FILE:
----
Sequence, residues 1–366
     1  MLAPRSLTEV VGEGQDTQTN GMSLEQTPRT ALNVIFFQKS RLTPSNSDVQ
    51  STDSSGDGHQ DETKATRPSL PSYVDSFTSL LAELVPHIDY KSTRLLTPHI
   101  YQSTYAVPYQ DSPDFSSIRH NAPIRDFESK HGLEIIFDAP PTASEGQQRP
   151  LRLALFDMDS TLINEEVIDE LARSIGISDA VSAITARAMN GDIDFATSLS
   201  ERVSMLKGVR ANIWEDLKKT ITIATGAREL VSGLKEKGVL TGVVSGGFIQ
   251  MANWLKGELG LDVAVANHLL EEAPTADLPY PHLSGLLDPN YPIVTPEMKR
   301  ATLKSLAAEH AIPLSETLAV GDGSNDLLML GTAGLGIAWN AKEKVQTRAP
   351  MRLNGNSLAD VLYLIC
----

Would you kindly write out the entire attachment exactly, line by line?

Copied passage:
Sequence, residues 1–366
     1  MLAPRSLTEV VGEGQDTQTN GMSLEQTPRT ALNVIFFQKS RLTPSNSDVQ
    51  STDSSGDGHQ DETKATRPSL PSYVDSFTSL LAELVPHIDY KSTRLLTPHI
   101  YQSTYAVPYQ DSPDFSSIRH NAPIRDFESK HGLEIIFDAP PTASEGQQRP
   151  LRLALFDMDS TLINEEVIDE LARSIGISDA VSAITARAMN GDIDFATSLS
   201  ERVSMLKGVR ANIWEDLKKT ITIATGAREL VSGLKEKGVL TGVVSGGFIQ
   251  MANWLKGELG LDVAVANHLL EEAPTADLPY PHLSGLLDPN YPIVTPEMKR
   301  ATLKSLAAEH AIPLSETLAV GDGSNDLLML GTAGLGIAWN AKEKVQTRAP
   351  MRLNGNSLAD VLYLIC